I believe these emotions would be better managed via therapeutic interventions that help the person explore and accept their experiences. Rather than alarming headlines about a mental health crisis, leading to the kind of ‘gatekeeping’ conversations I hear, I believe a more balanced approach that provides a therapeutic support for those who are struggling with their experiences of the pandemic would be more helpful – something that normalises the feelings people have at the moment rather than pathologises them. This would allow clinical resources to focus on those who need them.
Ian Catterall MBACP
SCoPEd: refining the blunt instrument
Having recently attended a BACP listening workshop on SCoPEd, I feel frustrated. The panel repeated some well-rehearsed arguments, but several key issues were not adequately addressed. I am therefore writing to outline my particular concerns and to suggest a potential way forward.
BACP claims that SCoPEd is not creating a hierarchy, simply ‘mapping what exists’. I have no quarrel with identifying different types or lengths of training or specialisms so they are plain for all to see. But what currently exists is being mapped onto a three-tier system with higher status accorded to each successive tier. In my view, that is a hierarchy.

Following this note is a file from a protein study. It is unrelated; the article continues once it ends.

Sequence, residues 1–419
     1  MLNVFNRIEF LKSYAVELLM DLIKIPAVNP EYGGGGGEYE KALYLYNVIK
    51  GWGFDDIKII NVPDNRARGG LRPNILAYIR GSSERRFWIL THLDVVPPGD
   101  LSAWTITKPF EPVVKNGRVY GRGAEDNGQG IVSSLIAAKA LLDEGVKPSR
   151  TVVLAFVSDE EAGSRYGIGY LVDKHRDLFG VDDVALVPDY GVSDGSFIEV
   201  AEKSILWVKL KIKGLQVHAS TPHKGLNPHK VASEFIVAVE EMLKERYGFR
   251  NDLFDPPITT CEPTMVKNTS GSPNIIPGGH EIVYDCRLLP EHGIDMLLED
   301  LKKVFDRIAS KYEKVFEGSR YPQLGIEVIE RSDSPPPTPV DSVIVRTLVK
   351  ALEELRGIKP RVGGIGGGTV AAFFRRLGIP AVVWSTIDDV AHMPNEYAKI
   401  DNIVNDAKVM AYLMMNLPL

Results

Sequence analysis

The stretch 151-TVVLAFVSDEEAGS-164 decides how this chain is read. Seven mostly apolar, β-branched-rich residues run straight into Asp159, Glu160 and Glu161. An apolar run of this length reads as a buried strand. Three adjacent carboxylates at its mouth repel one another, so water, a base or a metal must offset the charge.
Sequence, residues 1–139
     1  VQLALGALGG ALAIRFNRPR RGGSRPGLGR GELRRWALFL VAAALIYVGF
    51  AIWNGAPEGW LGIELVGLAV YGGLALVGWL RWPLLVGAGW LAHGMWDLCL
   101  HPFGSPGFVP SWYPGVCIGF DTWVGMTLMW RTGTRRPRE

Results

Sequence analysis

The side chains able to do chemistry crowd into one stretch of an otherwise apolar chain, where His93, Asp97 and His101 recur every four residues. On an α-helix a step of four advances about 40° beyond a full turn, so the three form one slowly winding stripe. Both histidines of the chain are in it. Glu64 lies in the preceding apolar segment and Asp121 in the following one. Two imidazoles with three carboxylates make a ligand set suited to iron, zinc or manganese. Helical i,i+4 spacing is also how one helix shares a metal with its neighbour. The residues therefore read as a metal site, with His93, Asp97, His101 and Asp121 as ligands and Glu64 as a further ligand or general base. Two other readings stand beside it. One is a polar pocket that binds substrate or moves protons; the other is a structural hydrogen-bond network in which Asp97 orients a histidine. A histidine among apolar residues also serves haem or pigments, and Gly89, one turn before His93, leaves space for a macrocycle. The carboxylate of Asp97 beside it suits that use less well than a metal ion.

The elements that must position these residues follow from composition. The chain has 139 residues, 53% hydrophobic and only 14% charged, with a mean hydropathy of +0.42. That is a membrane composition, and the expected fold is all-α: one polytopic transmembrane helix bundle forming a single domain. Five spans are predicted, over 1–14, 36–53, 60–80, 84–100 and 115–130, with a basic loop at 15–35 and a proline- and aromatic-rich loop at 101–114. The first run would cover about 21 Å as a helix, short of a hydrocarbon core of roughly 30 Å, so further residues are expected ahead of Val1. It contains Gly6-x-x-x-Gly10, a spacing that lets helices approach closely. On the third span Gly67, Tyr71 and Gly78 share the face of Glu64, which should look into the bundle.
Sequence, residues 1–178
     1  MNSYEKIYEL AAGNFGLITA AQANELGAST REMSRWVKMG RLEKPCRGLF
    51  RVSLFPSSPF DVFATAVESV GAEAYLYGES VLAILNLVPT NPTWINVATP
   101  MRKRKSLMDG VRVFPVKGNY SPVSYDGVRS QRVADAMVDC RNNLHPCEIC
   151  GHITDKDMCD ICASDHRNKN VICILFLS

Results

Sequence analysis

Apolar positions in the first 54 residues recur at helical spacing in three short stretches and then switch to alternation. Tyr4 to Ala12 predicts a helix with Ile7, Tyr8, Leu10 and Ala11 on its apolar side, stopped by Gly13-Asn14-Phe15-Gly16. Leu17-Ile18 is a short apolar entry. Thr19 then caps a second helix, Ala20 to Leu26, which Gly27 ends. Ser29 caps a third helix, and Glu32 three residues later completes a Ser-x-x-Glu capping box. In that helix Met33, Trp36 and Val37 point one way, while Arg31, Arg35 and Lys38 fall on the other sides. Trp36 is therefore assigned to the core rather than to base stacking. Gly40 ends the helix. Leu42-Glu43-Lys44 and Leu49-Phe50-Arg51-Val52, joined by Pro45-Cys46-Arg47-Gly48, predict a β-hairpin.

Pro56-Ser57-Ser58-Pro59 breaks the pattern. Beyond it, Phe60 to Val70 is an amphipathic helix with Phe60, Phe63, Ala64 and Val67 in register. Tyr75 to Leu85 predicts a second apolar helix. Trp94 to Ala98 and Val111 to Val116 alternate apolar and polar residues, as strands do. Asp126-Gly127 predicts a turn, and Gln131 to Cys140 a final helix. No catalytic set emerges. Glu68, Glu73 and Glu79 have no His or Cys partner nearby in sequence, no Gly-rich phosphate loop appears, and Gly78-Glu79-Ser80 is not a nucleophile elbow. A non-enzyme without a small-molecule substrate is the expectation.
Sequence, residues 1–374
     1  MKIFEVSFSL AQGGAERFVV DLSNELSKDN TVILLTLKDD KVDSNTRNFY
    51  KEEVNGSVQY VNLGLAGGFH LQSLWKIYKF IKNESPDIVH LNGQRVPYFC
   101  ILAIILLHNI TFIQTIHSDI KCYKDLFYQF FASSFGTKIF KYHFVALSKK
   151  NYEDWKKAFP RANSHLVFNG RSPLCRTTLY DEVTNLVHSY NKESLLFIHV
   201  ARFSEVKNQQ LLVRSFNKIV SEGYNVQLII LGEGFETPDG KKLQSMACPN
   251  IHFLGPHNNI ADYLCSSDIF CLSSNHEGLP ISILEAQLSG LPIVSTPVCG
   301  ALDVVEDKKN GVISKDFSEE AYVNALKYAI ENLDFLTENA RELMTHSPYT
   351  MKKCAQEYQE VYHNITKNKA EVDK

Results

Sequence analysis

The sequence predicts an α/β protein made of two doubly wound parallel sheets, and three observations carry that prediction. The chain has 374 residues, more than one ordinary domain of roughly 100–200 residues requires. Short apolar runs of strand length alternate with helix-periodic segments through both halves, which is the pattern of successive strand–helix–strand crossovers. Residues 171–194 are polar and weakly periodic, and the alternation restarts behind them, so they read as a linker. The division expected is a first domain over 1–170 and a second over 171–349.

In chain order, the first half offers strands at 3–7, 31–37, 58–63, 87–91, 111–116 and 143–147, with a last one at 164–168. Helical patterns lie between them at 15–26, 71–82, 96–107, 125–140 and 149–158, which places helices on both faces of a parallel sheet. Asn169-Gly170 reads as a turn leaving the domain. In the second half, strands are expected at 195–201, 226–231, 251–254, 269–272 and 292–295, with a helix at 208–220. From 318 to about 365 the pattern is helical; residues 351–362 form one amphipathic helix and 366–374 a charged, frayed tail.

More worrying, however, is BACP’s admission that some competences in the highest tier are more relevant to service provision than to individual practice. We are reassured that this does not matter because practitioners can carry on using any competences in which they are proficient. But will clients realise this?
What BACP consistently fails to address is the impact the tier system may have on how the public views practitioners. It is naive to suggest that clients (private clients in particular) will not judge a practitioner by their tier (or title).